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№ 9 (September 2009)

Russia, Serbia Cement Closer Economic and Political Ties

Highlighting increasingly close political and economic ties between Russia and Serbia were an energy pact and approval of a major loan to Belgrade, sealed during an official visit by Russian President Dmitry Medvedev to the Balkan country this week.

By Ivana Sekularac

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Serbian gas monopoly Srbijagas and Russia’s Gazprom signed a deal formally creating a joint venture to build the Serbian arm of the South Stream pipeline, which could unblock a project already delayed by months.

The Gazprom-led South Stream project has been designed to bypass Ukraine to transport Russian gas under the Black Sea to Bulgaria and onwards to Serbia and Europe — rivaling the European Union-backed Nabucco pipeline, which aims to reduce Europe’s reliance on Russia for energy supplies.

The agreement on the joint venture is part of a wider energy pact that put Serbia’s oil monopoly NIS under the control of Russia’s Gazpom Neft in return for Serbia’s inclusion in South Stream.

The joint venture will be registered in Switzerland in the next 30 days, Srbijagas said, adding that Gazprom will hold 51% with the Serbs controlling the rest.

The two companies also signed an agreement on forming another joint venture for modernisation of Serbia’s first gas storage facility, at Banatski Dvor, which is expected to be finished this winter.

In a further sign of growing Russian control over Serbia’s energy sector, NIS signed a USD100 million loan with the Bank of Moscow, saying the money would be "used to finance NIS current activities". Terms of the loan were not disclosed.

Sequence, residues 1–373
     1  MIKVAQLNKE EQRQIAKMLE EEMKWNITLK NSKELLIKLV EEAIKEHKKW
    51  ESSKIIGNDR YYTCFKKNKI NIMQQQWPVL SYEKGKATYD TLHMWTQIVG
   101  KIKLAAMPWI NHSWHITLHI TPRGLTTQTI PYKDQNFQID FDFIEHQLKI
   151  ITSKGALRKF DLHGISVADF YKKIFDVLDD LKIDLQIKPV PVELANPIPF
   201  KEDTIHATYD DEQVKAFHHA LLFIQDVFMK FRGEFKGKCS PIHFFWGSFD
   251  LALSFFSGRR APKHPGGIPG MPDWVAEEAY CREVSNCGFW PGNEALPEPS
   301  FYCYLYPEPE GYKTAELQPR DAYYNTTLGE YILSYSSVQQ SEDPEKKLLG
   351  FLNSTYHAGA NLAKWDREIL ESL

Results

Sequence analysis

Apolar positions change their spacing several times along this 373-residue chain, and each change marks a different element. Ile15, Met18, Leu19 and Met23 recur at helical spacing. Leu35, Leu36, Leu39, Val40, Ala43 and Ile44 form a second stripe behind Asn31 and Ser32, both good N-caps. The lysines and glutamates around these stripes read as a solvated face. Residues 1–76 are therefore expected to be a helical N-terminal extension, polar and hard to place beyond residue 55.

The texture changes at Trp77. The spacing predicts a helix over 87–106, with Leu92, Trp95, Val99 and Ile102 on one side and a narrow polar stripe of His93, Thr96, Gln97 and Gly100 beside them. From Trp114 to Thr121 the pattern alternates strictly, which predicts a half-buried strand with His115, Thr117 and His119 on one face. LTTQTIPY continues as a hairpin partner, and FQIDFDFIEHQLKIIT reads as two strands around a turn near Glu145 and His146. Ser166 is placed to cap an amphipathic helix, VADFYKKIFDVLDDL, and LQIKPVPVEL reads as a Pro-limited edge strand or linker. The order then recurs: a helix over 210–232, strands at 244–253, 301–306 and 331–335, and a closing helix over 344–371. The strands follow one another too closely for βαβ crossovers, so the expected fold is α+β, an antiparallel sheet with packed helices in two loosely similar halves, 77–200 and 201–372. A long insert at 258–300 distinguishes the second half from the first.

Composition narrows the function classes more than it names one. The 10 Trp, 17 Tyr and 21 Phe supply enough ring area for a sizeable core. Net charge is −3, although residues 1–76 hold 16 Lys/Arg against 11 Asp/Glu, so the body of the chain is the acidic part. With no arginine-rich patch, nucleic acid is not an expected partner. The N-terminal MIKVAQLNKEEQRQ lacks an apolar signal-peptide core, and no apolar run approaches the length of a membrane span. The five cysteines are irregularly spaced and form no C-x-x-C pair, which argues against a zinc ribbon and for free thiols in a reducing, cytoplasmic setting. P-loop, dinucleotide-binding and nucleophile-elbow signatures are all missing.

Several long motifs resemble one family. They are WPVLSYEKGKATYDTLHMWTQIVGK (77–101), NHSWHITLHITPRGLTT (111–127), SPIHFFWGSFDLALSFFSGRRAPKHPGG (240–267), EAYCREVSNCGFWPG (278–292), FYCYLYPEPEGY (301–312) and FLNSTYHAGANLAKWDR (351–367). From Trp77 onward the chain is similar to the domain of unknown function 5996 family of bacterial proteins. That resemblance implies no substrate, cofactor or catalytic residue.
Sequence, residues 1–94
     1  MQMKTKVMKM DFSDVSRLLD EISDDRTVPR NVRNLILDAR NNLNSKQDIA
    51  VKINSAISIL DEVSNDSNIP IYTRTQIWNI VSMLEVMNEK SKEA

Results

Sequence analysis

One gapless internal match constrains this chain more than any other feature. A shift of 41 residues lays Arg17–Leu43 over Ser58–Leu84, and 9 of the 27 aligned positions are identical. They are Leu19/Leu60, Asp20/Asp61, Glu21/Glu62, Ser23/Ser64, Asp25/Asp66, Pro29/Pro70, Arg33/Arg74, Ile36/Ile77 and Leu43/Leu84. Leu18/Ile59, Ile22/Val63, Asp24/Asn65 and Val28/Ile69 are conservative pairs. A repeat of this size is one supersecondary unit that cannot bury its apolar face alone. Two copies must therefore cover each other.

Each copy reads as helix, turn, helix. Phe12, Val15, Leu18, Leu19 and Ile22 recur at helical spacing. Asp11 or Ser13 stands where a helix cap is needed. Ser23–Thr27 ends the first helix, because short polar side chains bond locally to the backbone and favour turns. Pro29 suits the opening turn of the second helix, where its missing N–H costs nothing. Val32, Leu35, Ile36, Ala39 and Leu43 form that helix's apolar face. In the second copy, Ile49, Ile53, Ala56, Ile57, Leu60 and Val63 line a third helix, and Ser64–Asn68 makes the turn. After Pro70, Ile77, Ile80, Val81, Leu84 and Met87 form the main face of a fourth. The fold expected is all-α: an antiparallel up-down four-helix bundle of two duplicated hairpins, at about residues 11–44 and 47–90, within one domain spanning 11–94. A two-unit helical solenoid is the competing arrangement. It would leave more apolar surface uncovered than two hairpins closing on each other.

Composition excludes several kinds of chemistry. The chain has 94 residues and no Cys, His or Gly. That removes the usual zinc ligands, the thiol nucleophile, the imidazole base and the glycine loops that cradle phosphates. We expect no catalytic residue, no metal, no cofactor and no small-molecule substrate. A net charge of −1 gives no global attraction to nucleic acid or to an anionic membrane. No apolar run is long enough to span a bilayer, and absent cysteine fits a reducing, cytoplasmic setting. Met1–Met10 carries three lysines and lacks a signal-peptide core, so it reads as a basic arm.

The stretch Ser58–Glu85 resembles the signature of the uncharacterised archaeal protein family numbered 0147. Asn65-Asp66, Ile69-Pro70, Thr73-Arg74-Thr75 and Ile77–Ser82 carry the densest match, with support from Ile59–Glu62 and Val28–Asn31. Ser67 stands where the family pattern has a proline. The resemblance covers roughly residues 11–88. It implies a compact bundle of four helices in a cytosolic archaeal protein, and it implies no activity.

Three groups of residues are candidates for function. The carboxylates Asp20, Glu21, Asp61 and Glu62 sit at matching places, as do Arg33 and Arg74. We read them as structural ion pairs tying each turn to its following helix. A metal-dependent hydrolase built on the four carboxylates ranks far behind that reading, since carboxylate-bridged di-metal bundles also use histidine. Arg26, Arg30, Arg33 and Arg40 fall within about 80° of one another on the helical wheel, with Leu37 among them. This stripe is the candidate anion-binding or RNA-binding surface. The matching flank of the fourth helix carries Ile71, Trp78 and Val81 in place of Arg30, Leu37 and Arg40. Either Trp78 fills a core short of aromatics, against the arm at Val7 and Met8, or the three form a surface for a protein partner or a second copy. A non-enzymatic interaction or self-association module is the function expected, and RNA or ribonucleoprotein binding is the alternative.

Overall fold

Serbia, Russia’s long-time Slav ally, is important to Moscow’s plans for expanding its energy exports by building the South Stream gas pipeline running under the Black Sea to Bulgaria and on to southern Europe.


Medvedev also approved a major loan to Serbia, President Boris Tadic said, but terms of the deal to help Belgrade through the global economic crisis have yet to be hammered out.

"We have received President Medvedev’s approval to our request for a credit," Tadic told reporters after talks with his visiting Russian counterpart. "We are grateful."

Serbia asked Moscow for a 1-billion-euro loan in July to help to cover a major budget deficit next year so that it can meet the terms of a 3-billion-euro deal with the International Monetary Fund.

The loan could also help Russia to strengthen its foothold in Serbia at a time of growing competition from Beijing , which is to lend Belgrade 200 million euros.


Before Medvedev’s visit, Serbian Foreign Minister Vuk Jeremic described it as a "historic day".

Medvedev, who arrived in Belgrade to mark the 65th anniversary of the city’s liberation by the Red Army from Nazi troops, lavishly used history and politics to underscore the special relations between Russia and Serbia.

Russia has staunchly supported Belgrade’s opposition to international recognition of independence of its breakaway province of Kosovo.

"Russia will always offer support to Serbia in this issue and insist on respecting its sovereignty and territorial integrity," Medvedev said after the talks.


Copyirght 2009. Reuters, Business News. All rights reserved

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